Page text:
Why is Doug the best out of the original three? It was its relatability to the demographic. Rugrats was good at reminding you of how fun it was to be an infant and have that sense of wonder, Ren and Stimpy was good at, well, being absolutely insane, but Doug felt like the more real and the more grounded. Every guy growing up has a Patty Mayonnaise, that unrequited love that you would do stupid stuff for in hopes of impressing her. Yet, you could never actually tell her how you felt, even as it tore you up from the inside. Everyone has had a crazy friend like Skeeter (I myself knew a lot of skater guys growing up, but they didn’t honk randomly… suffice it to say that’s the reason our friendship ended), and we’ve all had to deal with bullies like Roger or complete snobs like B.B. Bluff (the daughter of the eccentric Mayor Bluff).
Even when it came to music, Doug had it right on the nose. As we grow, we begin to discover music and let’s face it — bands affect us when we’re younger way more than they do in our 20s. Doug and company’s obsession with The Beets (an obvious play on The Beatles, whoever they are) mirrors how kids will latch onto a particular band; their songs, their look, everything. And for anyone who’s ever heard “Killer Tofu,” you realize that if you lived in Bluffington, you’d probably be obsessed too.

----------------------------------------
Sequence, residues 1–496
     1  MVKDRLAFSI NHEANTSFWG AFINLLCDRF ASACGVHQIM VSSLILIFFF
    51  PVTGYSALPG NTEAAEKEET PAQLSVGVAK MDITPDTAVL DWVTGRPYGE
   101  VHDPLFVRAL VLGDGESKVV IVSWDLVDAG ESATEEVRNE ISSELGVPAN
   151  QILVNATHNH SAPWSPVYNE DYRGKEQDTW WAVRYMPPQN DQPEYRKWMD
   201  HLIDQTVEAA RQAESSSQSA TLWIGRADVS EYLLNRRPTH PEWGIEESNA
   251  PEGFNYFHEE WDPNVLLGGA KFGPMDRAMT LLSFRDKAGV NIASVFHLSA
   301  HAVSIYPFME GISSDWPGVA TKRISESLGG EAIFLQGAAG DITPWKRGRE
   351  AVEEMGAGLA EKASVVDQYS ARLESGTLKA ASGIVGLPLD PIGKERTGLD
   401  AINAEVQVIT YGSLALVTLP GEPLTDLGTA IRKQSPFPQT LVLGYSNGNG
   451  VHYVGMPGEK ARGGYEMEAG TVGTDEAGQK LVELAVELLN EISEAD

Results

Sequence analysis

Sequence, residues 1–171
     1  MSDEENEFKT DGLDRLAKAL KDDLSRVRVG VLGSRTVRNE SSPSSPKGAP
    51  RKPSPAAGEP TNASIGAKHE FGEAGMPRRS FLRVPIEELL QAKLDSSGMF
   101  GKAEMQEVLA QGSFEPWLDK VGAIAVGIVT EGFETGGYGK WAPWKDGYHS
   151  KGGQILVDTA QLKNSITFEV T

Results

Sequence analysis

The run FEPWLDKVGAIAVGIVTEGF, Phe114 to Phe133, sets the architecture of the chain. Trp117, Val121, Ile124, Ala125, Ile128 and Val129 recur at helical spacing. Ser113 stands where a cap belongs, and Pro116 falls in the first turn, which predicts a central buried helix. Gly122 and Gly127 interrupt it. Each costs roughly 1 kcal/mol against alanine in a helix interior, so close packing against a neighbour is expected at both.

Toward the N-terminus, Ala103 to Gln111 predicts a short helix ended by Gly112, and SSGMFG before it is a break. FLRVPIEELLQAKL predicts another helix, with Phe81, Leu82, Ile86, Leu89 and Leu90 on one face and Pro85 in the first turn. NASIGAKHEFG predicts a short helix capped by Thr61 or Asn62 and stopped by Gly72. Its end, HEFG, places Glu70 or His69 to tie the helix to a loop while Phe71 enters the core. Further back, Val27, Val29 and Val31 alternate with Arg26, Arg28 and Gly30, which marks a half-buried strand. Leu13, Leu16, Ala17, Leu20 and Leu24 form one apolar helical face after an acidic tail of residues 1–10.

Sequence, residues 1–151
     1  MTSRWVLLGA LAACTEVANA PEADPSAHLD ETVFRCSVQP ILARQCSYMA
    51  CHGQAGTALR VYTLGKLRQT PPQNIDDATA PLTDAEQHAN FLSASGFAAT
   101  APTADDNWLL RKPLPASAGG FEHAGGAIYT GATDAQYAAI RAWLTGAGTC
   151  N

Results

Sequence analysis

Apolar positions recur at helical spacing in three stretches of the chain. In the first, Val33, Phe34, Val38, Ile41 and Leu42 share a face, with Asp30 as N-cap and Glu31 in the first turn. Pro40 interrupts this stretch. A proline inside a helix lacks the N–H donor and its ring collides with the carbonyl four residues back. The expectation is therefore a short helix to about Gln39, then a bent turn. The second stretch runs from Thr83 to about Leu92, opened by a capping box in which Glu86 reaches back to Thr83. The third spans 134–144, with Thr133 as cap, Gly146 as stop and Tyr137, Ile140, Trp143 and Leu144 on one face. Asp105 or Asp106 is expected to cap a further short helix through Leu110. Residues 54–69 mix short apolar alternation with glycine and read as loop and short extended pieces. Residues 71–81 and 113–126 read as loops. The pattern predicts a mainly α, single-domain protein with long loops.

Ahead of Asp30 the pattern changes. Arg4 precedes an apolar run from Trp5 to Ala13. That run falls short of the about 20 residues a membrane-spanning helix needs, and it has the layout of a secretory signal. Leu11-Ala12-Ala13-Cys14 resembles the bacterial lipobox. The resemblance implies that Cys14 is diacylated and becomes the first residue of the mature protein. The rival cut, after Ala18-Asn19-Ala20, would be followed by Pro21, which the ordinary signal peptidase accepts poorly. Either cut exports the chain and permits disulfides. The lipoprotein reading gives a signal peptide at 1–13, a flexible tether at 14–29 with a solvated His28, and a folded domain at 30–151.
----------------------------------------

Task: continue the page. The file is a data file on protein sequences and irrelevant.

My personal favorite moments in Doug took place within his imaginary world. Many times, Doug’s personal problems would manifest themselves into an adventure featuring his superhero alter-ego known as “Quailman.” Quailman looked just like Doug save for a Q on his green vest, a belt on his head, and his tighty whities worn over his khaki shorts. Whatever Doug’s real-life issue was that episode (for example, having to stand up to Roger), the Quailman part would mirror that in a more outlandish way (Roger would become the gigantic dinosaur Klotzilla… who would still wear his sweet leather jacket). As Doug would succeed in real life, he would also succeed in the superhero world, and I love the metaphor brought on by that; although the way Doug dealt with the problem may have been small to others, in his mind it took a superhero effort to overcome those obstacles. As a man who was once 11, I can definitely vouch for this because the small hurdles I overcame at the time felt like I was Superman slapping Lex Luthor with a whip made out of knives (SUPER knives, mind you).